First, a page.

Dan, the 240v units are more expensive, and for the compact units, don't have the high SCFM specs as the 120v units. Example, a Craftsman unit, 240V 3.5HP, 5.6/5.1 SCFM @ 40/90 PSI. Max PSI is higher on all 240V models, but to find a 5-6HP model, you have to go large industrial type such as a 60 gallon.
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I wouldn't bet my life on it still being true, but the better Sears units used to be made by De Vilbiss, and I believe that both the Sears and corresponding Porter Cable ones you show still are. I have an older Craftsman 2-horse one similar to the ones shown here (though it's 220v), and it's held up well for the last 20 years or so. It has enough oomph to paint a car or run any ordinary air tools as long as you let it catch its breath occasionally. But be warned that one of the ways they get so many CFM out of such a small unit is that they run very fast, and thus also make a lot of noise.

And don't be too concerned with the horsepower ratings. Some of those oil-less ones may be brush-type AC/DC motors, and though they may officially develop lots of horsepower, they don't really compare to a good induction motor over the long haul.

Campbell Hausfeld
Belt driven with a cast iron cylinder head. You ever wear it out, it's totally repairable. When I bought mine, I was told that the "store bought" units are basically "disposable units". Wear them out, you throw them away. I bought mine at Portland Compressor. I would imagine that there is a store that would be equivalent Portland Compressor up in Seattle area. Good luck!
PS How's it going Steve?
i just got a craftsman 3 hp 15 gal. compressor for 199. mfg plate says Devilbiss on it..$20 more gets you a ratchet and fitting kit.... works for me..
I have an older Campbell-Hausfeld 3-hp twin-cylinder compressor that needs 20 amps to run on 120v. It'll run on a 15 amp circuit except the start-up surge blows fuses. Now that I've replaced the old 50s vintage fuse panel with a breaker panel I can use it in the garage.

I would be very skeptical of any claims that a 5-hp or more will run on a 15 or even 20 amp circuit. The oilless types might if they are brush-type motors, because they won't have the heavy start-up surge, but even then I'd be suspicious that they are cooking the numbers on the horsepower.

If you look at replacement compressor motors on the Northern Tool web site, the largest that runs on 120v is the 3-hp.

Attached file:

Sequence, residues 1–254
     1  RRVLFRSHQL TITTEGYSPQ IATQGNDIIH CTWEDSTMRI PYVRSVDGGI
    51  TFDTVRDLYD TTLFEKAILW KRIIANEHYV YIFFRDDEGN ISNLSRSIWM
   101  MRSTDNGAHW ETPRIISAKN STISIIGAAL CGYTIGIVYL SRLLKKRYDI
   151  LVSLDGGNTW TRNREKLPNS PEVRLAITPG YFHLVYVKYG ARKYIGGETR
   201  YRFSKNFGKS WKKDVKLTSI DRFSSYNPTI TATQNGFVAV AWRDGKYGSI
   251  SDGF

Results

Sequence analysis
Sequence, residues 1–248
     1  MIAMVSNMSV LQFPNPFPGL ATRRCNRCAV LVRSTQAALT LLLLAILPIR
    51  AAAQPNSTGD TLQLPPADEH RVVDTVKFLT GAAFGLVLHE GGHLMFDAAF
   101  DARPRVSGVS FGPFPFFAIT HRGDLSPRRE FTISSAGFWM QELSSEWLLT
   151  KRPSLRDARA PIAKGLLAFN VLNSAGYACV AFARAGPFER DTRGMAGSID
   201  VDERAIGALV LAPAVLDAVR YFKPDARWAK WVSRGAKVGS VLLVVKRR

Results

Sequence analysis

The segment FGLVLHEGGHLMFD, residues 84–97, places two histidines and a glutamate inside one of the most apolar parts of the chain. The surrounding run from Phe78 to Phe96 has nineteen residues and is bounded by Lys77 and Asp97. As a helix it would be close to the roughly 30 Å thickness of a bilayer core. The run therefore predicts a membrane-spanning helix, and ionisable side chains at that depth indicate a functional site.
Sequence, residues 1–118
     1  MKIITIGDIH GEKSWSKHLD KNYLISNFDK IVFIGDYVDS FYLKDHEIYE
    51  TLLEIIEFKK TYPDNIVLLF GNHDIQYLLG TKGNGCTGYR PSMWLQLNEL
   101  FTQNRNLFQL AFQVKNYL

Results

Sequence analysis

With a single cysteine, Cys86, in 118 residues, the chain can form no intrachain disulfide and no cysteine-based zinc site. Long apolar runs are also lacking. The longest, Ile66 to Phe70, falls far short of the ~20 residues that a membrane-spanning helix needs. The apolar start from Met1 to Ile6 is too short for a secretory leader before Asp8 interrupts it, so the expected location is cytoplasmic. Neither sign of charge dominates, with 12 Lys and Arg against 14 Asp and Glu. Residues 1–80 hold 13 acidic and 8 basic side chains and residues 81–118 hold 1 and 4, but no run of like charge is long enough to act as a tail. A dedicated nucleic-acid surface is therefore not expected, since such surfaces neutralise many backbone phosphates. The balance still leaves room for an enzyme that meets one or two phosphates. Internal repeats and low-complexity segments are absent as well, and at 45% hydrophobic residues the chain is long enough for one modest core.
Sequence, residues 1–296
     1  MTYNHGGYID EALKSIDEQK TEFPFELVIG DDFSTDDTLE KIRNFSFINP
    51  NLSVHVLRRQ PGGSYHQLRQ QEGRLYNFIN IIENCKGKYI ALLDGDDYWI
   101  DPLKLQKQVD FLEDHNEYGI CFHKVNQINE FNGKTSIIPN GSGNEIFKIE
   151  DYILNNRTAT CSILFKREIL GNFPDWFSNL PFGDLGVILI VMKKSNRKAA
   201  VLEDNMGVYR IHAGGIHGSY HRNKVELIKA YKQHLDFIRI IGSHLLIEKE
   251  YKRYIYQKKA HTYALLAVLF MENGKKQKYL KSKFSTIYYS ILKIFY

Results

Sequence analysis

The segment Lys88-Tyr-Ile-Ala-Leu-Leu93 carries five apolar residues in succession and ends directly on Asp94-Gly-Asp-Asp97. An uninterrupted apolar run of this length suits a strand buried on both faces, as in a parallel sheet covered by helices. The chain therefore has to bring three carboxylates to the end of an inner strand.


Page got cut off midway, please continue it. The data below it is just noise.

After some searching, found that on the 6HP units, that is a peak HP rating (you know, like 50% humidity, 85* out, and the opperator was lefthanded when one of the test models hit 6HP). They are rated at 2HP running. I am not totally concerned with HP, but SCFM @90PSI that I am really looking at.

I need to do more shopping looks like.

I want one a little quieter than yours Dan, you could hardly hear yourself think over that Cambell Hausfeld of yours. The Craftsman Pro/Porter Cable above was much quieter than yours was. I'll PM you with what I've been up to.
Stay with the OIL- TYPE.
Willis said:
After some searching, found that on the 6HP units, that is a peak HP rating (you know, like 50% humidity, 85* out, and the opperator was lefthanded when one of the test models hit 6HP)

That's what I meant by cooking the numbers. Sort of like audio speakers that are advertised as handling 25 gazillion watts, but then in fine print it says "peak music power -- RMS 3 watts" or something to that effect.
Eagle said:
That's what I meant by cooking the numbers. Sort of like audio speakers that are advertised as handling 25 gazillion watts, but then in fine print it says "peak music power -- RMS 3 watts" or something to that effect.

That's exactly what I was thinking of when I read the 2HP running spec. Guess compressors need an RMS type rating too. So the general puplic doesn't just look at it and go for the higher rated one.
Don't base your decision on the HP. it's usually bull. You arre on the right track at looking for ths SCFM @ 90PSI, might also look at SCFM@40PSI, another standard rating, more useful for running spray guns.
If it were me, I'd look for a belt driven, capacitor start, runs on 220 OR 110. Motor rpm not that important, but pump rpm's are - the slower the pump turns, the less noise, and it will last longer.

Don't worry that much about $50 or $75 dollars, if you made a good investment, you may not remember how much you paid for the compressor ten years from now. Be sure to change the oil at least occasionally.

Just my $.02, bought a Craftsman horizontal 17 years ago, ran it on 110 at the house I rented, 110 at first when I bought a house, now on 220 that I've had time to rewire......paid $???.